Recollections of Baxter can often make him look a self-centred figure, the team’s star attraction who was oblivious to the needs of others. Johnston tells a story that shreds that reputation. “I was only 17 and playing in a cup final against Celtic thinking, “I shouldn’t be here”. But Jim pulled me aside before the game and said, “Look, I’m the captain today. If it’s 0-0 with a minute to go and we get a penalty, you go up and get the cup and I’ll take the penalty”. You couldn’t help but smile.”

The documentary begins with footage of the famous Baxter keepy-uppies against England at Wembley in 1967. It remains one of Scottish football’s most iconic scenes and, as Henderson recalls, was in keeping with Baxter’s anything-goes approach to the game.

“There are not many players who could have done that, especially a year after England had won the World Cup,” says Henderson. “And folk still talk about it now. It was second nature to him. Nothing fazed him.”

Baxter had already left his mark at Wembley four years earlier, scoring twice in a Scotland victory. So synonymous did he become with the home of English football that writer William McIlvanney was moved to remark during his eulogy at Baxter’s funeral that “during those two years he owned Wembley. The English just had their names on the lease”. That one of those goals in 1963 was a penalty surprised even Henderson.

“I got brought down in the box and the guy stepping up to take the kick was Baxter. It’s Wembley, the goalkeeper is Gordon Banks and there’s 100,000 watching. The tension, the excitement, the noise – and here’s Jimmy taking the first penalty in his life. But he was so cool it was as if he was playing down the public park.”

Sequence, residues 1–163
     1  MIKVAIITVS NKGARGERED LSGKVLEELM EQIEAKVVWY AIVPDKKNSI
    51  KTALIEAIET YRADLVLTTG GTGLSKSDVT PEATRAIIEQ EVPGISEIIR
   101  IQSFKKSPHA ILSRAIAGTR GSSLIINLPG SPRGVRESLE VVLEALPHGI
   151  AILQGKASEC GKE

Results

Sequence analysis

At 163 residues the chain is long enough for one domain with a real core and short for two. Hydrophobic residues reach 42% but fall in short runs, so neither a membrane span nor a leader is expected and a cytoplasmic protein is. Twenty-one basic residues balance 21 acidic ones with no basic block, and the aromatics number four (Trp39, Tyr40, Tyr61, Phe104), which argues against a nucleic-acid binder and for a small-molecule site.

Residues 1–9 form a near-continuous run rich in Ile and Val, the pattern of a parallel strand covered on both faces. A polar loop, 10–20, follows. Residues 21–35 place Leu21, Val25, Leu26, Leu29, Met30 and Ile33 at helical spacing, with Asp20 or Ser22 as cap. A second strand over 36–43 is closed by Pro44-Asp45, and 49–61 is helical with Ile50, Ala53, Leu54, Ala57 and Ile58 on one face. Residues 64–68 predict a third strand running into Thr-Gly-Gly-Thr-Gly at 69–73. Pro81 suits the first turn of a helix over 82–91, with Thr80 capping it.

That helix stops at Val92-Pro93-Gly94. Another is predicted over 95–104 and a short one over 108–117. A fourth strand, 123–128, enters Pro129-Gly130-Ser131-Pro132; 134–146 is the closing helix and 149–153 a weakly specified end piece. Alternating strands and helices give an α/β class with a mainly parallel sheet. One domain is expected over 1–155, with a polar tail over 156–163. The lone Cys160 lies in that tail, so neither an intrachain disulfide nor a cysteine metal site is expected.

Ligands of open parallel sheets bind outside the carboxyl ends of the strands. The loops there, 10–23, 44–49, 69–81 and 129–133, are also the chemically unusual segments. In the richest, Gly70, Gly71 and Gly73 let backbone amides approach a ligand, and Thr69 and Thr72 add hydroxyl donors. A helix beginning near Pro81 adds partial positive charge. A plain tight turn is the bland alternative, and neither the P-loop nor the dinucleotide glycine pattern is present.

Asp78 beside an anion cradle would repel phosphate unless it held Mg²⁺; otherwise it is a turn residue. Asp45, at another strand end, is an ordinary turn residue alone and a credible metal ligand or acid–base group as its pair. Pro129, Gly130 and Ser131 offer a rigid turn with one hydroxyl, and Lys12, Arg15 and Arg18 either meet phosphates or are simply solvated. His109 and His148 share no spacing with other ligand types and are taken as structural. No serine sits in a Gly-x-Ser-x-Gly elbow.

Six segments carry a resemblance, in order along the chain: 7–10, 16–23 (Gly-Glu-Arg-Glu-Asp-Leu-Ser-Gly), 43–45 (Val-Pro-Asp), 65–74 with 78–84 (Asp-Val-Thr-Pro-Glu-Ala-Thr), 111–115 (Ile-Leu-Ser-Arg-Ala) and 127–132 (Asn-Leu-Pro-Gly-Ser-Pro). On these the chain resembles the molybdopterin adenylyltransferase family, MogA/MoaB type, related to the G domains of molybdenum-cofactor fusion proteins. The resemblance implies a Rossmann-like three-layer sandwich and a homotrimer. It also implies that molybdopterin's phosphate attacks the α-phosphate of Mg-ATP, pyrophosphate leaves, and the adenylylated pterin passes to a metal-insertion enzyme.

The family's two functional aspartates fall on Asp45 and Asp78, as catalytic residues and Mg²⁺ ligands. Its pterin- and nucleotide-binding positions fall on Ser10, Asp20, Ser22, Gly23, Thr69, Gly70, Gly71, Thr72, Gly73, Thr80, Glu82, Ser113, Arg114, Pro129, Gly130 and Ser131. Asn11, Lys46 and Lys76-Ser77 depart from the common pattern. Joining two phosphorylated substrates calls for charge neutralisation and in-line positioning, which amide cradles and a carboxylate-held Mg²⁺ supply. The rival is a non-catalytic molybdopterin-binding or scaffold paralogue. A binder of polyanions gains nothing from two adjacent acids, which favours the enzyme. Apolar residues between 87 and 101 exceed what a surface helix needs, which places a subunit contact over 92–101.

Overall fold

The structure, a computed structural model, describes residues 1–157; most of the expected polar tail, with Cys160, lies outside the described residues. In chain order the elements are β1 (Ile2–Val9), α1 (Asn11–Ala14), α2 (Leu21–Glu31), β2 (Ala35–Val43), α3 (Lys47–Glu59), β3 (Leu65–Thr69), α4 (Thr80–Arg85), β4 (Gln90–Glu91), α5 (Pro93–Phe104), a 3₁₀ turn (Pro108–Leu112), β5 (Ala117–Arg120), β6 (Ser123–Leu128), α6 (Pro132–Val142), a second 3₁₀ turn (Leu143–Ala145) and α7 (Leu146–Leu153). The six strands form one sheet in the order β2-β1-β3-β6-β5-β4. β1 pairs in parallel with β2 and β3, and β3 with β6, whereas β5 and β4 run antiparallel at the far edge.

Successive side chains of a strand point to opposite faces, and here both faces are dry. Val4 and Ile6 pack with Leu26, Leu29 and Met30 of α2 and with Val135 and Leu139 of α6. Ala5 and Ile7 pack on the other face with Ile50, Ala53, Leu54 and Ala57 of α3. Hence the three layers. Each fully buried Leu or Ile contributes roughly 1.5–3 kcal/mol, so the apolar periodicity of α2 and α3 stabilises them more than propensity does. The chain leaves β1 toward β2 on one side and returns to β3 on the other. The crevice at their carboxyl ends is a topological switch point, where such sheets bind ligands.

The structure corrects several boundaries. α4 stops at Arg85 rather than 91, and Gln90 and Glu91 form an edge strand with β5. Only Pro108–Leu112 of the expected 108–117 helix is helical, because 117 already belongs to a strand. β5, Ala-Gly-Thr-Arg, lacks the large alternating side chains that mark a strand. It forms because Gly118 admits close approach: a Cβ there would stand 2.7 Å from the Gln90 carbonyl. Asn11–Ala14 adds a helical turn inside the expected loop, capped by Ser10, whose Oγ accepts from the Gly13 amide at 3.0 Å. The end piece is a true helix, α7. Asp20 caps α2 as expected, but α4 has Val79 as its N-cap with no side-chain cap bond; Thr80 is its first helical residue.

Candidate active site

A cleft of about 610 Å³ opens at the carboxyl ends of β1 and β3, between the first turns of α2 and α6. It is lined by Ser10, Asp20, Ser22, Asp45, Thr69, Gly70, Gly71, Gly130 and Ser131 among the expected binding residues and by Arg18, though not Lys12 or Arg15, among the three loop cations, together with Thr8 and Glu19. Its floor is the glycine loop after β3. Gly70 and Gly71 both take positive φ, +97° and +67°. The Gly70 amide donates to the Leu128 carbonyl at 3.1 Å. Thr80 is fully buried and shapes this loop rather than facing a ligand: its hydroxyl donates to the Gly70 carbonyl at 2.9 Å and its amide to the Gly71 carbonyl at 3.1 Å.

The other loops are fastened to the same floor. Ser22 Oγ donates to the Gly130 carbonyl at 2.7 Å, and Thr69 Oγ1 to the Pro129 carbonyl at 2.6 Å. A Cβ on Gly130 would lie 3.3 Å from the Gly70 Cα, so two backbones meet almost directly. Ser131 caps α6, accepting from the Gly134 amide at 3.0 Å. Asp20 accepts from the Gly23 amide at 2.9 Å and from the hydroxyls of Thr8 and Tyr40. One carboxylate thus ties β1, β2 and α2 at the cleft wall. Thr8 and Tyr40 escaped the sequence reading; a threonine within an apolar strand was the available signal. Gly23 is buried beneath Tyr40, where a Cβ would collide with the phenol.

Pinpointing the start of Baxter’s decline is difficult. Some believe he was never the same player after breaking his leg against Rapid Vienna in 1964, others that he shouldn’t have left Rangers for Sunderland five months later in search of the salary he felt his talent deserved. Whatever the reason, the feeling lingers that his was a potential that was never properly fulfilled.

“He could have been better for longer,” confirms Henderson. “I remember talking to him not long after he took unwell and he said that if he could have done it all again, he would have changed a lot. So he knew within himself he should have been at the top of the tree for longer.”

Johnston agrees. “His lifestyle must have caught up with him. It’s not a surprise if he was doing half the things people said he was doing – and I don’t think he was doing them all. But his fitness wasn’t great towards the end.”

If there are regrets that more people did not get to experience Baxter at his peak, they are superseded by the memories of those fortunate enough to have seen him play. A fresh audience will learn all about him when the documentary airs.

“We’re talking about a guy who hasn’t played for many, many years but is still a legend in many people’s eyes,” says Henderson. “This was a guy chosen to play in a Rest of the World select alongside Puskas, Eusebio and di Stefano. When you’re chosen to play with players of that ilk, it’s not by accident. You can’t hide class.”

And with that the two friends shuffle off, still planning their next rendezvous, and leaving another old pal until the next time.

- Jim Baxter will be shown on BBC Alba on September 24 at 9pm